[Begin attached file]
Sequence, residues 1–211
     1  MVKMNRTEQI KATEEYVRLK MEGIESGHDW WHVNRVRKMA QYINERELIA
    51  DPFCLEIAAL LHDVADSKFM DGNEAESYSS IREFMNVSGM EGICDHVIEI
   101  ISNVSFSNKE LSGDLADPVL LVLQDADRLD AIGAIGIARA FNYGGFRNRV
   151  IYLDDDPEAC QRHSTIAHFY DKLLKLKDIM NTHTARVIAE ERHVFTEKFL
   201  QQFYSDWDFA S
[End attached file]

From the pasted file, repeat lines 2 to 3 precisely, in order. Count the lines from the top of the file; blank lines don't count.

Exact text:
     1  MVKMNRTEQI KATEEYVRLK MEGIESGHDW WHVNRVRKMA QYINERELIA
    51  DPFCLEIAAL LHDVADSKFM DGNEAESYSS IREFMNVSGM EGICDHVIEI